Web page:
•                         O- Obstruction/Stricture
  •                         L- Large cavity
  •                         D- Dilatation or irregularity

 

           Management of Chronic Pancreatitis :

  • 1. Management of abdominal pain
  • 2. Management of maldigestion and steatorrhea
  • 3. Management of complication
  •                            – Pseudocyst
  •                            – GI bleeding
  •                            – Bile duct obstruction
  •                            – Duodenal obstruction
  •                             – Malignancy  

 

  • Management of abdominal pain
  • A. Initial evaluation should focus on :
  •    ♦ To identify associated conditions e.g
  •               – Pancreatic pseudocyst
  •               – Duodenal (possibly bile duct) compression
  •               – Superimposed pancreatic carcinoma
  •               – Gastroparesis

 

  • B. Medical Therapy :
  •            – Analgesic
  •            – Cessation of alcohol and tobacco
  •            – Antioxidant
  •            – Pancreatic enzyme therapy
  •            – Octreotide
  • C. Endoscopic Therapy :
  •            – Pancreatic duct shincterotomy
  •            – Stent placement
  •            – Pancreatic duct stone removal
  •            – Combined endoscopic therapy
  •  D. Surgical therapy
  • E. Nerve block and neurolysis

 

Endoscopic Therapy for abdominal pain of chronic pancreatitis

  •         Indication :
  • – Big duct disease
  • – Advanced structural abnormalities of the pancreatic duct
  • – Dilated pancreatic duct who also has a dominant stricture or an obstructing stone in the head of the pancreas with dilatation of the pancreatic duct upstream of the dilation
  • Stricture and calculi in the upstream body or tail of the gland are not amenable to endoscopic therapy       
  • Pancreatic duct sphincterotomy
  •                Indication :
  • – Large-calibre pancreatic stent placement
  • – Pancreatic duct stone removal
  • Pancreatic Stent placement :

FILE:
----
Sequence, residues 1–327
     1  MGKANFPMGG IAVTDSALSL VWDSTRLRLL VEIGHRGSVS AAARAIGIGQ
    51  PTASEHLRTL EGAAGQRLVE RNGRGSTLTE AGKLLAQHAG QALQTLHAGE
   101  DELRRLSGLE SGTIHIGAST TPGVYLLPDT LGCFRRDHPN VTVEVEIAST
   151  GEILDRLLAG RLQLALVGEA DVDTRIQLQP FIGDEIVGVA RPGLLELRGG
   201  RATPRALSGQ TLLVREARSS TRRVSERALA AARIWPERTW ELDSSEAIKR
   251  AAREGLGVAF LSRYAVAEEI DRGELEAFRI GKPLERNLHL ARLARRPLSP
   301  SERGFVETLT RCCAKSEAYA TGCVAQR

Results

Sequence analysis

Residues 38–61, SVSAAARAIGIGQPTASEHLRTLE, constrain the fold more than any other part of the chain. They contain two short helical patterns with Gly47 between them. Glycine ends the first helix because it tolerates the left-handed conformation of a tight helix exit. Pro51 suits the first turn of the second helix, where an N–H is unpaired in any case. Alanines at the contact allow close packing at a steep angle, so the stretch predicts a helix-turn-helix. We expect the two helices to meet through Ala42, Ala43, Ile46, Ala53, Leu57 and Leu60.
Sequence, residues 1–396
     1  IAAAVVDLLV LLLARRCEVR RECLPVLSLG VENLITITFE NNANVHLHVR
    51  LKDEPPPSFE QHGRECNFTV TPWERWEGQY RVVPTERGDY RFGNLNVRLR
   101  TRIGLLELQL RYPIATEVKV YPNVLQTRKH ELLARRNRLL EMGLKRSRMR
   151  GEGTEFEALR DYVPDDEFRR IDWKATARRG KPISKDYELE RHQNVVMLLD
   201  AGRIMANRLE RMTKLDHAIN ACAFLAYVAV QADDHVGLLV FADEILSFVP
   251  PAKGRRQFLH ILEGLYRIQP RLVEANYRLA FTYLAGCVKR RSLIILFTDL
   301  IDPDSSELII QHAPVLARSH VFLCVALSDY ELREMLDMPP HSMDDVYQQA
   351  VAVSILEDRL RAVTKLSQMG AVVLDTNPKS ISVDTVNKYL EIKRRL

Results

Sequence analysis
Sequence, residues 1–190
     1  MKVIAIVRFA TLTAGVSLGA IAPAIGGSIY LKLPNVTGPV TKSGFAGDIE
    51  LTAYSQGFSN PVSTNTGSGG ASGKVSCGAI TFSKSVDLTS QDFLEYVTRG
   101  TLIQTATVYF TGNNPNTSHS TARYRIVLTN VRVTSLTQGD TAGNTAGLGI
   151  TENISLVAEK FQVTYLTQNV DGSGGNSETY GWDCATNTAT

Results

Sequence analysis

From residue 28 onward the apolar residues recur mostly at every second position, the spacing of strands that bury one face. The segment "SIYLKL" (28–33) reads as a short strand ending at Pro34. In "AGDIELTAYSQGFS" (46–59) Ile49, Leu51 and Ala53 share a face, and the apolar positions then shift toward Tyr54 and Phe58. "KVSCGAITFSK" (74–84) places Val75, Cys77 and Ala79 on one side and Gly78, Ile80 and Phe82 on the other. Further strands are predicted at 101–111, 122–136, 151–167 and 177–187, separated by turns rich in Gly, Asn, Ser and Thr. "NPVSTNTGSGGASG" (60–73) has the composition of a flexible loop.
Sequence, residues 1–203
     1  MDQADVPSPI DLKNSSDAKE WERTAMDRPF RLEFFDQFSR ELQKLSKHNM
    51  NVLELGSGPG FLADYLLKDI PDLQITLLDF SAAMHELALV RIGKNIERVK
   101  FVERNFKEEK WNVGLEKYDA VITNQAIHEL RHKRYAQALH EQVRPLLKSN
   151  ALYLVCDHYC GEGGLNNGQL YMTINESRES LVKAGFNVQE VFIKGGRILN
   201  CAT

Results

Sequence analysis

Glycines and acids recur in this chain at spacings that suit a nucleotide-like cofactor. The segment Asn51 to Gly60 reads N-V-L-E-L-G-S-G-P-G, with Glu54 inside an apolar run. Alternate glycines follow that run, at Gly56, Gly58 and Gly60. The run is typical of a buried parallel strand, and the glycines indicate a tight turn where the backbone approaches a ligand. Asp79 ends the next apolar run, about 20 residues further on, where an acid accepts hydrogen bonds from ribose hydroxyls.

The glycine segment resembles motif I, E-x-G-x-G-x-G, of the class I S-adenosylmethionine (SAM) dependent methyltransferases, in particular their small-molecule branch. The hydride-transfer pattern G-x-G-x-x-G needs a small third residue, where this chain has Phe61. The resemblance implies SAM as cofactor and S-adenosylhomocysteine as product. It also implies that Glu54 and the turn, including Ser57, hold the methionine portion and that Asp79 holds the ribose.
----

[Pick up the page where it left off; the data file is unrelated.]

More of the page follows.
•                  Performed to:
  • – Dilate obstructing stricture
  • – Bypass an obstructing stricture 
  •         Complications of stent therapy:
  • – Clogging of stent (produces recurrent pain, acute pancreatitis, pancreatic sepsis)
  • – Stent migration
  • – Ductal perforation

 

             Pancreatic duct stone removal

  • – It is possible only in a subset of patients
  • – Contraindication of stone removal:
  •                 • Multiple stone
  •                 • Large stone
  •                 • Stone in the body and tail
  •                 • Stone in the side branches
  •                 • Impacted stone
  •                 •Stone behind a tight pancreatic duct stricture
  • Large /impacted stone removal needs  lithotripsy, ESWL, intraductal lithotripsy device

 

  • Surgical therapy for chronic pancreatitis
  •                     Indication :
  • – Intractable abdominal pain for which medical therapy has failed
  •                Surgical options:
  • 1. Pancreatic ductal drainage
  • 2. Pancreatic resection (complete/partial)

 

  • 1. Pancreatic ductal drainage procedure :
  •            – To relieve ductal obstruction
  •           – To relieve pancreatic pressure
  • Prerequisite for ductal drainage :
  •           – Dilatation of pancreatic duct > 6 or 7 mm
  • Procedures of pancreatic ductal drainage :
  •           – Lateral pancreatico jejunostomy
  •          – Partington-rochelle modification of puesto procedure

 

  • 2.Pancreatic resection
  •           – Whipple  resection
  •                  Indication
  • – Disease limited to head of pancreas
  • – Large inflammatory mass of pancreas in whom malignancy is also considered